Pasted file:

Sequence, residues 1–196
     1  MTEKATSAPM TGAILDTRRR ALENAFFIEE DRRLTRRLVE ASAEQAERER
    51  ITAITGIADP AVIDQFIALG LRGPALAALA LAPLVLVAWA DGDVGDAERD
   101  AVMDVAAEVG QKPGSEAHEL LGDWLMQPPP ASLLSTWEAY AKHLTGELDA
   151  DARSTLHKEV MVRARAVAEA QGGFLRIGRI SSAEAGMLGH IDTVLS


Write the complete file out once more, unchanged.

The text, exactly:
Sequence, residues 1–196
     1  MTEKATSAPM TGAILDTRRR ALENAFFIEE DRRLTRRLVE ASAEQAERER
    51  ITAITGIADP AVIDQFIALG LRGPALAALA LAPLVLVAWA DGDVGDAERD
   101  AVMDVAAEVG QKPGSEAHEL LGDWLMQPPP ASLLSTWEAY AKHLTGELDA
   151  DARSTLHKEV MVRARAVAEA QGGFLRIGRI SSAEAGMLGH IDTVLS